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Cedar Lake is located at the edge of the Shawnee National Forest in southern Illinois. This 1,750-acre reservoir was created by the City of Carbondale in 1974 by building a dam to impound Cedar Creek, a tributary of the Big Muddy River. Although the primary purpose of Cedar Lake is to provide water to the residents of Carbondale, this scenic reservoir provides recreational opportunities to visitors beyond Jackson County. Because the Shawnee National Forest borders the southern portion of Cedar Lake, about half of its 30-mile shoreline is owned by the U.S. Forest Service. Hardwood forests, cedar trees, and sandstone bluffs line the shoreline.
Cedar Lake is a popular destination for fishing, swimming, picnicking, hiking, and horseback riding. Paved roads and two boat launches offer easy access to this reservoir which has a 10 horsepower limit. Anglers reel in catches of largemouth bass, channel catfish, crappie, striped bass, and bluegill. The best fishing months for crappie and bass are March and April. Peak channel catfish months are June through August. Year-round striper fishing yields catches in excess of 20 pounds, due to a successful stocking program initiated in 1986.
The City of Carbondale operates Poplar Camp Beach which features a sandy swimming beach with lifeguards, boat dock, picnic tables, concession stand, and restrooms. This family-oriented beach provides beautiful scenery and boasts a swim and play area, an area for rafts and floats, and a lap lane for serious swimmers. The beach closes each year after Labor Day.
Although there are no developed camping sites at Cedar Lake, the Shawnee National Forest offers camping experiences ranging from primitive camping to modern campsites equipped with electric and showers. All campsites and picnic areas are on a first-come, first-serve basis with no reservations accepted. Developed campgrounds are usually open from April 1 through December 15.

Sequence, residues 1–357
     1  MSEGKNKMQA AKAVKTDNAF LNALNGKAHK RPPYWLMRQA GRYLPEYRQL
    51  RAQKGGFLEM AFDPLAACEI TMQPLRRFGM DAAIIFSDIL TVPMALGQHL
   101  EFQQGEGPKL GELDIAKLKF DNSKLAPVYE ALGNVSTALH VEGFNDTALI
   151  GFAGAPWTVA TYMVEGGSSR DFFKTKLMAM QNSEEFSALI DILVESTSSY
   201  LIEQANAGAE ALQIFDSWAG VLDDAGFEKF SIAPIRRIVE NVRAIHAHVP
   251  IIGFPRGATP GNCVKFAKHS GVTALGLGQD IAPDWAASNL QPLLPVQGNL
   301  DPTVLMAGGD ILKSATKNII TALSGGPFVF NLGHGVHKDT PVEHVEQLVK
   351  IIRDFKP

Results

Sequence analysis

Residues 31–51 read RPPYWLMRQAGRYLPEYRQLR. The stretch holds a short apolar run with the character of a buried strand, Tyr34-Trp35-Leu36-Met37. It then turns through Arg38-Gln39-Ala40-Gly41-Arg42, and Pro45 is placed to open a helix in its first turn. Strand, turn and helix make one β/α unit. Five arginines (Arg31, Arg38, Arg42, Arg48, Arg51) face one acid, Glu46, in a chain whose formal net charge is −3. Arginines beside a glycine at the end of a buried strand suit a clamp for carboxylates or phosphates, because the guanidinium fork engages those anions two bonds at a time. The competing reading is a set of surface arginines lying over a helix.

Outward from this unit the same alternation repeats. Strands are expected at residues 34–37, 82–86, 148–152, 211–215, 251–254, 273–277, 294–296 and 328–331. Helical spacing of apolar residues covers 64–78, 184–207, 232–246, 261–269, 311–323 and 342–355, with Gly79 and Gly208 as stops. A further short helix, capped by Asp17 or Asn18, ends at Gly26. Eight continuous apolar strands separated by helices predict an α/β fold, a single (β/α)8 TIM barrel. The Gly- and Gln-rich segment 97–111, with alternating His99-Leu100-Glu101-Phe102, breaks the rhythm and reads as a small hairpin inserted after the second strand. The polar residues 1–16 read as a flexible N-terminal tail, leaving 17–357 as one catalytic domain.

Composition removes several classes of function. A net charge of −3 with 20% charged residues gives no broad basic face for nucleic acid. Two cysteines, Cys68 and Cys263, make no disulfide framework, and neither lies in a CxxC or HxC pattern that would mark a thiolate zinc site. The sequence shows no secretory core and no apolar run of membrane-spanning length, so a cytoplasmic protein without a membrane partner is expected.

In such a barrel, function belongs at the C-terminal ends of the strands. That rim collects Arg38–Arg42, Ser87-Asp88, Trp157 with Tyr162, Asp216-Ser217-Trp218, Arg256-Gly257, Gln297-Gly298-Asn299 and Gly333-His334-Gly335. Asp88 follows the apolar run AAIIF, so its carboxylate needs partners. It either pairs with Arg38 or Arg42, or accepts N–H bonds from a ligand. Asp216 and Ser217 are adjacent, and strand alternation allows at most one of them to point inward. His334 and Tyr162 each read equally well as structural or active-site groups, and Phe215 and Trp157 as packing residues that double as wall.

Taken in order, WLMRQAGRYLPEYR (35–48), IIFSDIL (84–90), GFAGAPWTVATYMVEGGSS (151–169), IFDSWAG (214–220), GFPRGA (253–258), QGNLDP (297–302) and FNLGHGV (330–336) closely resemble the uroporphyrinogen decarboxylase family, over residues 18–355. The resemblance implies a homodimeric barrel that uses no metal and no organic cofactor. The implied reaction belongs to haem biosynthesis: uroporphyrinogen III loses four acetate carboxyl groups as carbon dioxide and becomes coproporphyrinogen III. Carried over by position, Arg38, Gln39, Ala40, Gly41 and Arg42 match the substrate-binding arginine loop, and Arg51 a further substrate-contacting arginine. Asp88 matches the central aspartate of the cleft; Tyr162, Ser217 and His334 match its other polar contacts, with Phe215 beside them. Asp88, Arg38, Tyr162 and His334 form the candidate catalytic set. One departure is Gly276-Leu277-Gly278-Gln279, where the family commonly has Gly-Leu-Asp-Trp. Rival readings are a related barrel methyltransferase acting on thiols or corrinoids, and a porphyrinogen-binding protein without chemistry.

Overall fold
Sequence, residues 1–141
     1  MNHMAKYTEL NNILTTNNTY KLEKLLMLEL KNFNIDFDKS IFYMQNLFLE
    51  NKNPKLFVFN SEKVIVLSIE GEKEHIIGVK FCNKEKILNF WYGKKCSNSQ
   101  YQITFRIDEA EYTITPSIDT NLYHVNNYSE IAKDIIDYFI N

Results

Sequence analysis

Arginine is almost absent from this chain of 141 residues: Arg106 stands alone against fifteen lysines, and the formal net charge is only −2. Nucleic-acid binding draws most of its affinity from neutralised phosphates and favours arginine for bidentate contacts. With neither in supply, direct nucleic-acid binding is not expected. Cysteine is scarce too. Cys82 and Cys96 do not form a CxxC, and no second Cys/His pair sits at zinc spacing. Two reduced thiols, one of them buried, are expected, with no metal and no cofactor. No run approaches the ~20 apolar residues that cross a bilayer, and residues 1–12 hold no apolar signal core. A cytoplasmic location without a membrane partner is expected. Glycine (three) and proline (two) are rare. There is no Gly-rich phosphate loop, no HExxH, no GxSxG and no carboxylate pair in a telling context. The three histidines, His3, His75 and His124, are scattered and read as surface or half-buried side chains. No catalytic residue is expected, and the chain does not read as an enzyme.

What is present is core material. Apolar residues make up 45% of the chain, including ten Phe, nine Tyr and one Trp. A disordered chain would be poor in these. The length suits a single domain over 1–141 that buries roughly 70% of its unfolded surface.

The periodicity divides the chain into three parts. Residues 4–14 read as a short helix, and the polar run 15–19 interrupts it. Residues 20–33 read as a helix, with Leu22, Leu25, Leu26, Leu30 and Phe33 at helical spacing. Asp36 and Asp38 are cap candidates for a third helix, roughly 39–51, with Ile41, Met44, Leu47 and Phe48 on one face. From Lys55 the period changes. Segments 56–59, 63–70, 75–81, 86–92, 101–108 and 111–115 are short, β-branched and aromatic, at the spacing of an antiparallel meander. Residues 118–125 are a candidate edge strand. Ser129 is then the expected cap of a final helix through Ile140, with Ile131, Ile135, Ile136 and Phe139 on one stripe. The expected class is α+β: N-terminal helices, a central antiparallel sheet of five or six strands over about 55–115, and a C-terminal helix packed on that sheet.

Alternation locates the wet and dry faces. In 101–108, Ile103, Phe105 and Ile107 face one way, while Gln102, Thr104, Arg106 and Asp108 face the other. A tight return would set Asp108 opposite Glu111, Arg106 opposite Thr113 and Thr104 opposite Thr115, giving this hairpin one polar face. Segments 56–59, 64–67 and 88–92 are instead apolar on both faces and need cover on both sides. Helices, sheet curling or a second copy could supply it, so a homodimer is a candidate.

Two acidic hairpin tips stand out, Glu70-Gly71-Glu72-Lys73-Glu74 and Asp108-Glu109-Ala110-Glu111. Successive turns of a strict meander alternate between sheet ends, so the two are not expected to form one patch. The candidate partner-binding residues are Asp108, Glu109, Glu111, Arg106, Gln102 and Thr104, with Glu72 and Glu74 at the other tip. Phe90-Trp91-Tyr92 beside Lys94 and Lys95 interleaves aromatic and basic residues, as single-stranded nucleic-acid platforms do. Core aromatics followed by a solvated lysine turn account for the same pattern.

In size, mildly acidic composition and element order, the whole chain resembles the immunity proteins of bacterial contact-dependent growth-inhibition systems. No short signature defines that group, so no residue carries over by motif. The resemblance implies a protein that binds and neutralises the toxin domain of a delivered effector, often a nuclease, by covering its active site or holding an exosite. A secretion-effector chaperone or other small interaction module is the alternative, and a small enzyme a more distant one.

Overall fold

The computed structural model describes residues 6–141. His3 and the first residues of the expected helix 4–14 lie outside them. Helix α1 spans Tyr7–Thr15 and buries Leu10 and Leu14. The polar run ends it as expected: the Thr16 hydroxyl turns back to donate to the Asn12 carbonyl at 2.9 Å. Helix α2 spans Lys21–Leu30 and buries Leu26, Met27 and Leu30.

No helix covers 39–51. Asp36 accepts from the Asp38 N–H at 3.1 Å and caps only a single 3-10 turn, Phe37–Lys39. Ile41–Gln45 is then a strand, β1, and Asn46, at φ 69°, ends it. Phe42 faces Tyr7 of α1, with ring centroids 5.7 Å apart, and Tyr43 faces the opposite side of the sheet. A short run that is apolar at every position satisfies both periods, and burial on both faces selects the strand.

The Shawnee National Forest offers 300 miles of marked trails through the hills and valleys of the Shawnee Hills and the Illinois Ozarks. 30 miles are designated for hikers only, and each trail is rated for level of difficulty. Trails range from leisurely strolls to observation points to difficult hikes in excess of 9 miles. Horse riding enthusiasts will enjoy miles of equestrian trails.
The Cedar Lake Trail System consists of four trails totaling about 14 miles: Little Cedar Lake Loop, Wolf Den Hollow Trail, Cove Hollow Trail, and River to River Trail (great equestrian trail). The Little Cedar Lake Loop and Wolf Den Hollow Trail are popular day hikes, featuring scenic overlooks, lake views, rock shelters, and rock walls. The Cove Hollow Trail meanders between the shoreline and cliffs, with plenty of opportunities to explore a stream, shelter cave, and rocks. Trails are open year-round, so winter hikes provide beautiful snow and ice covered landscapes. Hikers in search of wildlife may encounter white-tailed deer, raccoon, wild turkey, beaver, and many bird species from songbirds to raptors. Primitive camping is permitted at least 150 feet from the lakeshore
Cedar Lake welcomes families and anglers with plenty of recreational offerings on the water and off the water in the Shawnee National Forest. Make sure to save some time to venture a few miles north to Carbondale for a tour of Southern Illinois University.
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